# Acceleration

Written by Jerry Ratzlaff on . Posted in Classical Mechanics Acceleration, abbreviated as a, is the rate of change of velocity with time.  Like velocity, this is a vector quantity that has a direction as well as a magnitude.  Whenever a mass experiences a force, an acceleration is acting.  An increase in velocity is commonly called acceleration while a decrease in velocity is deceleration.  Acceleration is a vector quantity having magnitude and direction, some of these include displacement, drag, force, lift, momentum, thrust, torque, velocity and weight.

## Acceleration Types

• Angular Acceleration  -  An object is the rate at which the angle velocity changes with respect to time.
• Centripetal Acceleration  -  The change in the velocity, which is a vector, either in speed or direction as an object makes its way around a circular path.
• Constant Acceleration  -  An object is the constant rate in a straight line at which the velocity changes with respect to time.
• Uniform Acceleration  -  When an object is traveling in a straight line with a uniform increase in velocity at equal intervals of time.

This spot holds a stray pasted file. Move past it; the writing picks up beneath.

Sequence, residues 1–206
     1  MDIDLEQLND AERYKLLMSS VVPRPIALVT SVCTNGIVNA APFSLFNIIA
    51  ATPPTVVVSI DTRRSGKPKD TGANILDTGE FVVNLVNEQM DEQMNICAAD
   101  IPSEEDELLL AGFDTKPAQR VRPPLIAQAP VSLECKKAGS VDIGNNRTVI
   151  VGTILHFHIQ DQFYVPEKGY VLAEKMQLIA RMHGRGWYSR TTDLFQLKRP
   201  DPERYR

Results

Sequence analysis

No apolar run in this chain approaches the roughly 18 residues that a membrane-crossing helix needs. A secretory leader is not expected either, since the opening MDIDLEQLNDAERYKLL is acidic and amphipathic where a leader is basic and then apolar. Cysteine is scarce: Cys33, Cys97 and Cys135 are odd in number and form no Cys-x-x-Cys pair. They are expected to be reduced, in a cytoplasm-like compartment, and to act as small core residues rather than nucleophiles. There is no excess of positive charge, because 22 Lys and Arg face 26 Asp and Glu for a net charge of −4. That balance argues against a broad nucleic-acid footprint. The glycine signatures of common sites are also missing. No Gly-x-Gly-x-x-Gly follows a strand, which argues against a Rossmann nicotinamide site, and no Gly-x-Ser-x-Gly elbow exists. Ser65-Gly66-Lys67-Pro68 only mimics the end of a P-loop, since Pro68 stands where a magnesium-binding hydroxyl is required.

• Non-uniform Acceleration  -  When an object is traveling with a uniform increase in velocity but not at equal intervals of time.

## Acceleration formula

 $$\large{ a = \frac{ \Delta v }{ t } }$$ $$\large{ a = \frac{ v_f \;-\; v_i }{ t } }$$

### Where:

 Units English Metric $$\large{ a }$$ = acceleration $$\large{\frac{ft}{sec^2}}$$ $$\large{\frac{m}{s^2}}$$ $$\large{ t }$$ = time $$\large{sec}$$ $$\large{s}$$ $$\large{ \Delta v }$$ = velocity differential $$\large{\frac{ft}{sec}}$$ $$\large{\frac{m}{s}}$$ $$\large{ v_i }$$ = initial velocity $$\large{\frac{ft}{sec}}$$ $$\large{\frac{m}{s}}$$ $$\large{ v_f }$$ = final velocity $$\large{\frac{ft}{sec}}$$ $$\large{\frac{m}{s}}$$

## Related formula

 $$\large{ a = \frac{ F }{ m } }$$ (Force)

### Where:

$$\large{ a }$$ = acceleration

$$\large{ F }$$ = force

$$\large{ m }$$ = mass